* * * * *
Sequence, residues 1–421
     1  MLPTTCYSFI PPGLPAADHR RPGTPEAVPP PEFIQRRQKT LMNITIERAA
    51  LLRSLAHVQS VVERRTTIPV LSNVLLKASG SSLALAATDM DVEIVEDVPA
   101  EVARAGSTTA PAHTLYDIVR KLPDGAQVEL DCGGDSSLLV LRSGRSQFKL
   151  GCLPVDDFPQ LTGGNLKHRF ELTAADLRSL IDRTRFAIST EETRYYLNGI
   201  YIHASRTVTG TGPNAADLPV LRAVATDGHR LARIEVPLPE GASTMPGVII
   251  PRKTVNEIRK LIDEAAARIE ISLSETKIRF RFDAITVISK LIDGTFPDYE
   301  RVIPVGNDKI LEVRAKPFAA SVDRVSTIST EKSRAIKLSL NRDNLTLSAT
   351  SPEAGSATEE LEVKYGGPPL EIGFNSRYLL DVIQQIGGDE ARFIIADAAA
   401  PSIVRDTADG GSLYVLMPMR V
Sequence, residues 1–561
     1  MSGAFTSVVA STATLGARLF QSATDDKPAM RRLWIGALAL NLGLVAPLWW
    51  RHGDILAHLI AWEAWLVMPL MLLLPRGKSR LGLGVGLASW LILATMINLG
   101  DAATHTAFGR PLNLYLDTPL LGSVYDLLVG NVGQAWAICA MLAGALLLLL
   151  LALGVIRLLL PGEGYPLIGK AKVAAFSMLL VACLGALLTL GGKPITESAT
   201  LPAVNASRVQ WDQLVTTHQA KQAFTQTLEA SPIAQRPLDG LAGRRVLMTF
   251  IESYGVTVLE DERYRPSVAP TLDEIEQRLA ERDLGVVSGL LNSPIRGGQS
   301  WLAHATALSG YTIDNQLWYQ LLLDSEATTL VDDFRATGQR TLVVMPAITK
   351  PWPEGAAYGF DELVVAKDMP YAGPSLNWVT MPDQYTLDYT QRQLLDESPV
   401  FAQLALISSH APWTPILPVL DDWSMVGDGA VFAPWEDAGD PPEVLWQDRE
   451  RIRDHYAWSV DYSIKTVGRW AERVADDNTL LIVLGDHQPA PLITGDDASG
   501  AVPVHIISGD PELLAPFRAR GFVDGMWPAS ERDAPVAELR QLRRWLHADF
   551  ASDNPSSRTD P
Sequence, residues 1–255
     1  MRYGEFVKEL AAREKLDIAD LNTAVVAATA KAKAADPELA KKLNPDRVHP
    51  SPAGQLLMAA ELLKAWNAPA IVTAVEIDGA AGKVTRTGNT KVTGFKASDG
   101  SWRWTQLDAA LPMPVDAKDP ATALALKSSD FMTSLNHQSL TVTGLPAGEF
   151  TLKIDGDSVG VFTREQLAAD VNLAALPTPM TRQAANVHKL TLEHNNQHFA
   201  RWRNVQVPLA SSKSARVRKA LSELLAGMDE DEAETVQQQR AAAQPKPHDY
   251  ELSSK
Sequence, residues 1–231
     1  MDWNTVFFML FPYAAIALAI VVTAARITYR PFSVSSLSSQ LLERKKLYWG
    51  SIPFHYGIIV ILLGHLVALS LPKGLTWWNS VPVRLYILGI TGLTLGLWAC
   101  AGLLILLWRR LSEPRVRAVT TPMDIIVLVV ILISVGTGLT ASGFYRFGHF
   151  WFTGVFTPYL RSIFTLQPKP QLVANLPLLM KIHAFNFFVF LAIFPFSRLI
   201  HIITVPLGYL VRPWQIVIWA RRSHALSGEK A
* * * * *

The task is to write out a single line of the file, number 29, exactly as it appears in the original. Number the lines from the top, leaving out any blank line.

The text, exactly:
   201  RWRNVQVPLA SSKSARVRKA LSELLAGMDE DEAETVQQQR AAAQPKPHDY